• Helsinki – the Christmas city

    Lights make all the difference

    Christmastime Helsinki is all about lights, lights and more lights – with snow, the city becomes a truly magical place.

  • Aleksanterinkatu - the Christmas street

    The switching-on of the Christmas illuminations along Aleksanterinkatu – the official Christmas street – is a sure sign that the festive season is under way. Shop windows are decorated to outbid each other in the Christmas shopper stakes. Aleksanterinkatu, one of Helsinki’s best known shopping streets, is a natural focus for gift seekers.

  • Hot glögi warms the soul

    Glögi is a traditional Christmas drink, made from spiced wine with a sprinkling of almonds and raisins and, whenever possible, a dash of vodka. The drink is served to welcome Christmas visitors in homes, at office parties and in street markets and events.

  • Dreams of snow come true

    White Christmases can´t be 100-per-cent guaranteed in Helsinki, although there is a better chance of them in northern Finland. But in recent years the snow has arrived early and snow nearly always falls at some time over the festive season.

  • Annual treat for children

    The unveiling of the Christmas window in the Stockmann department store on the corner of Aleksanterinkatu and Keskuskatu is an awaited annual event for young Helsinki citizens. Families come into town from the suburbs especially to show the kids the annually-changing display.

  • Can’t wait to skate

    The Ice Park in the Railway Station Square has become a popular attraction and its opening before Christmas adds to the seasonal atmosphere. Open daily, weather permitting, the ice rink boasts a café and it’s a great venue to chill out and practice your twirls after Christmas shopping.

  • Lucia Day – celebrating winter light

    The celebration of St Lucia Day is a tradition kept alive by the Swedish-speaking minority of Finland, but the procession of the newly crowned Lucia from the Lutheran Cathedral – complete with horse-drawn carriage, elves and Santa Claus – is a spectacle for everyone. The celebrations take place on December 13, St Lucia’s Day.

  • Tiernapojat – a Finnish ritual

    The Tiernapojat (literally, ‘star boys’) tradition, which draws on the legend of the Three Kings and the slaughter of young males, is enacted in Helsinki streets by groups of lads hoping for a coin or two. The characters deliver their dialogue in a series of songs.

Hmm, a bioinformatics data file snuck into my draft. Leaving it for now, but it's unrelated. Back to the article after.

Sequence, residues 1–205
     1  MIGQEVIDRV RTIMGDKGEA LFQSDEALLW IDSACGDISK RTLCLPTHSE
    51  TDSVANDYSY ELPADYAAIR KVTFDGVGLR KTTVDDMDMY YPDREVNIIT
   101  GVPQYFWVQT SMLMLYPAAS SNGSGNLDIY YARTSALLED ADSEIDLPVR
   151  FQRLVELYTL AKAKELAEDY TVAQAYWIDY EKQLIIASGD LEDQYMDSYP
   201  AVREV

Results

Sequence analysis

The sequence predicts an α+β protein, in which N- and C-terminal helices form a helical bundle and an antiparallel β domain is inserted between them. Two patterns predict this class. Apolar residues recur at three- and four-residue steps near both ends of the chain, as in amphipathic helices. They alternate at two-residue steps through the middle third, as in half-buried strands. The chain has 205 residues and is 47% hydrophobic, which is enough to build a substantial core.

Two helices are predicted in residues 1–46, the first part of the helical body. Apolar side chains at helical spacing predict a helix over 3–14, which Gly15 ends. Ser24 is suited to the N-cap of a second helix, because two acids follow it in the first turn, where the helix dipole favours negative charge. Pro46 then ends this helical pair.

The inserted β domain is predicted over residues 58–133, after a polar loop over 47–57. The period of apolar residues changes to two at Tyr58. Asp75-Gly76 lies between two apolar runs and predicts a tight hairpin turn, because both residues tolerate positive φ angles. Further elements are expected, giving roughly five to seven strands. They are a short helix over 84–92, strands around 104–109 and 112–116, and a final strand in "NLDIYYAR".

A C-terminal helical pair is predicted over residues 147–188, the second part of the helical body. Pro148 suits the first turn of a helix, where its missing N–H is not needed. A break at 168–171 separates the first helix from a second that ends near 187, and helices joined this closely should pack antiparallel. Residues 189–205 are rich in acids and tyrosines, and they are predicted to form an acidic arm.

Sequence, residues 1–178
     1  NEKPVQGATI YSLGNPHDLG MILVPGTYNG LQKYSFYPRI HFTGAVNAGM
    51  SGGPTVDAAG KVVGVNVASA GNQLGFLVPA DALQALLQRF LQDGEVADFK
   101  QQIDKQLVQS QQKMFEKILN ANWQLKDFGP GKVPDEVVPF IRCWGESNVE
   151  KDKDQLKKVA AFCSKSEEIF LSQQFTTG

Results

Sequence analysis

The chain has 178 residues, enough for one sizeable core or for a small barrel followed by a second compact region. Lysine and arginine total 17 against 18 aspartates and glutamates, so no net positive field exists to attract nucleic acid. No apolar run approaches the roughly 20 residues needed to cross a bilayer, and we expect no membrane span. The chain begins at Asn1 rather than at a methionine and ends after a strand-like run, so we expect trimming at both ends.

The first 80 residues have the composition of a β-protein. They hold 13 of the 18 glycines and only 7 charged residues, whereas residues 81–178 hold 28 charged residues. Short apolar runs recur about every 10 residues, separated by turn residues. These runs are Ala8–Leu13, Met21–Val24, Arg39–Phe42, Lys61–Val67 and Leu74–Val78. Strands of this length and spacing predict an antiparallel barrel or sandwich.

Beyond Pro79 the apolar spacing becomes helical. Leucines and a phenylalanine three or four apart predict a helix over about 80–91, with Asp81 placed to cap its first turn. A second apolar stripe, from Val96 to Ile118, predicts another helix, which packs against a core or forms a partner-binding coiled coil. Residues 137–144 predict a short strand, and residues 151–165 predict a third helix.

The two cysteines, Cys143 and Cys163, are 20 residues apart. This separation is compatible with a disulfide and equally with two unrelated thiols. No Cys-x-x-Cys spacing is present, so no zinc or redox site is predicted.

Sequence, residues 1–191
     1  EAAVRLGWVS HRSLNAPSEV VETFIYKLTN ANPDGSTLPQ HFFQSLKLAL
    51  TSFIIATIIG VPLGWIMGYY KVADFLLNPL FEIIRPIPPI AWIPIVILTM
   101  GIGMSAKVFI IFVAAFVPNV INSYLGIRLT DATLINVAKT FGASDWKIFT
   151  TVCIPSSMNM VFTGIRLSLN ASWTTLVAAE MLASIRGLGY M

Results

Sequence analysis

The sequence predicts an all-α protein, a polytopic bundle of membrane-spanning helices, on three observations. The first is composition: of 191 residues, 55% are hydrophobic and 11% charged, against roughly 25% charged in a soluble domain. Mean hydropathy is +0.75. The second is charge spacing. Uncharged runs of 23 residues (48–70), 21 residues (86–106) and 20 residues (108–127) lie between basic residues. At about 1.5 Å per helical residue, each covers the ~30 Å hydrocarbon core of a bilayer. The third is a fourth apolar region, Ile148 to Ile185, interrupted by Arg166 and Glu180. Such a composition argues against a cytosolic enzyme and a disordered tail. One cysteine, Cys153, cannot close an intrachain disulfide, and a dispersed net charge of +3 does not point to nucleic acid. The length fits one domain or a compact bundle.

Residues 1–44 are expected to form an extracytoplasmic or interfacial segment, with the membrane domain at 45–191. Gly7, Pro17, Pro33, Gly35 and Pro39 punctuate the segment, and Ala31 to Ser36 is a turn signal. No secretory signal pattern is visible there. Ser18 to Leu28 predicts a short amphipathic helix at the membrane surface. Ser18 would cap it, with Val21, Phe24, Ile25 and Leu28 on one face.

• St Thomas market

    St Thomas market opens right in the heart of town in the weeks leading up to Christmas. The market consists of over 120 stalls selling handicrafts, lanterns, Christmas decorations, food and hot drinks and is a great, convivial venue for gift shopping.

  • Warm glow of Christmas

    The glow from a smithy’s furnace lights up the winter gloom in St Thomas market. The smith is used to forge wrought iron souvenirs and is one of over a hundred stalls and shops lining the park in weeks leading up to Christmas.

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Helsinki – the Christmas city

The first substantial snow usually arrives in time for Christmas in the Finnish capital, draping the city in white and creating an appropriately festive ambience. Christmas lights on the city’s main street Aleksanterinkatu and the bustle of shoppers in St Thomas’ Market exude a cheering warmth.

The sun may be reluctant to rise as winter starts to grip Helsinki, but the aroma of mulled wine, or glögi, and shop window decorations warm the soul as Christmas approaches.

‘Little Christmas’ celebrations come first

Christmas is usually a quiet family celebration, so people make the most of  pikkujoulu – ‘little Christmas’ – during which they party in bars and restaurants. The mercury may plunge below minus 10 Celsius, but the mood is one of warm conviviality.

Even when temperatures plummet, shops and restaurants emit a welcoming glow and Finnish buildings are famously equipped to expel the harshest frost. Add to the mix carol recitals in the churches and it’s hard to believe that Helsinki wasn’t actually founded for the specific purpose of celebrating Christmas.



Helsinki is a modern pocket-sized European city of culture that is known for its design and high technology. Helsinki’s attractive and unique character comes from its proximity to the sea, which offers an endless number of exciting opportunities in summer and winter alike.

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